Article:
- Emulate, Inc., an NIH-sponsored commercial investigator who has gone one to raise substantial additional capital investment, published their research results. This publication, along with several additional articles on other ISS National Lab-sponsored research, showcased the value of the ISS for regenerative medicine and therapeutic development.
- Other publications detailed results in agricultural biocontrol, nanochannel drug delivery, and microalgae in spacecraft life support systems and food production.
In addition, three reviews and commentaries (co-authored or authored by NIH) focused on the value of microgravity research in stem cell biology and microphysiological systems (also called tissue chips), and another review discussed the value of the ISS for drug discovery and development.
These articles (citations for which can be found in Appendix E) join the more than 150 peer-reviewed articles from ISS National Lab investigations and the roughly 2,000 articles from ISS investigations internationally. They also complement the five patents, multiple spin-off companies, and 15 products to date resulting from ISS National Lab investigations. Additionally, two new products in FY20 demonstrate the capacity of the ISS National Lab to support applied R&D programs and private-sector objectives:
- Self-contained, payload-centric, Hyper-Integrated Satlets (HISats; small, mass-producible units) provide complete satellite functionality in a nanosatellite-scale package. From NovaWurks, Inc., this resilient and affordable modular satellite architecture was first developed in conjunction with the construction of DARPA spacecraft.
- Educational videos and other digital content from Nickelodeon’s Slime in Space experiments were released to help students learn about microgravity research and topics such as fluid flow and materials engineering. The full video of demonstrations and curriculum on Nickelodeon’s website have received more than 100,000 views.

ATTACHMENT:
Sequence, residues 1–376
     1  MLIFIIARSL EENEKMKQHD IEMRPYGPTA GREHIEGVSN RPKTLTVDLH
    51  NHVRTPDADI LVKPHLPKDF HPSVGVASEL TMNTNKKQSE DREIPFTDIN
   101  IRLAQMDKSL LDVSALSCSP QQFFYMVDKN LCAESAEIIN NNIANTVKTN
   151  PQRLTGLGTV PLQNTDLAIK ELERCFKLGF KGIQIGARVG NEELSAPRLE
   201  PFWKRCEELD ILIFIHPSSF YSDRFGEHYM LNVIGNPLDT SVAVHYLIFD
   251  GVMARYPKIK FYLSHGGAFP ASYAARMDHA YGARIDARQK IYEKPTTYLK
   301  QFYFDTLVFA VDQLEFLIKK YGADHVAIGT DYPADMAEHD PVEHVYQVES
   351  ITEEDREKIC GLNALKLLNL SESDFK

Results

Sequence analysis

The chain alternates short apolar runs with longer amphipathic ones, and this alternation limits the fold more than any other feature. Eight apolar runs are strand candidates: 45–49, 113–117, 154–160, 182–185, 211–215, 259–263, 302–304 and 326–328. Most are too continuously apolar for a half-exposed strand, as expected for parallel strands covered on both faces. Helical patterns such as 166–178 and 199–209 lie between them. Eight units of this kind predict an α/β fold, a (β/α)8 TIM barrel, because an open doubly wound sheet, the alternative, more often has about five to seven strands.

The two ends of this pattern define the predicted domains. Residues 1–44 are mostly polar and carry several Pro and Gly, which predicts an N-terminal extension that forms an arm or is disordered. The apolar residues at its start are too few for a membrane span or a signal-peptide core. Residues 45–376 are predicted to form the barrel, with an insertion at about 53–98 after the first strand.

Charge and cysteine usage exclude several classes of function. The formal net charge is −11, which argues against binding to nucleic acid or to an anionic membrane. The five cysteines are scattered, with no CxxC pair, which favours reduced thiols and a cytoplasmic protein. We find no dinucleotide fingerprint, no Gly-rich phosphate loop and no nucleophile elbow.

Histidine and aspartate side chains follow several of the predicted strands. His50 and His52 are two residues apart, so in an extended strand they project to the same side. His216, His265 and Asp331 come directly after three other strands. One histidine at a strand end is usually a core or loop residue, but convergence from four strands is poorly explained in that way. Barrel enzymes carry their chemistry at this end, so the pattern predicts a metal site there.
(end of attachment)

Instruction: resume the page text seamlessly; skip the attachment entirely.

In parallel, on the front end of the R&D project life cycle, two FY20 NSF-sponsored solicitations continued to support fundamental science that leverages the persistent microgravity environment of the ISS to advance scientific discovery for the benefit of Earth. Beginning in 2016, CASIS has partnered with the NSF Engineering Directorate to sponsor these annual research solicitations, which have resulted in five solicitations in the physical sciences area of Transport Phenomena (2016 through 2020) and three solicitations in the biomedical area of Tissue Engineering and Mechanobiology (2018 through 2020). These solicitation cycles have resulted in the award of 27 NSF peer-reviewed proposals representing 29 payloads—and the infusion of more than $18 million of non-NASA grant funding to the principal investigators via the NSF grant awards and funding for the Implementation Partners supporting their spaceflight investigations. (For a full list of FY20 R&D solicitations, see Appendix A.)
Quick Facts to Date for FY20 Key R&D Areas
- Tissue Engineering and Regenerative Medicine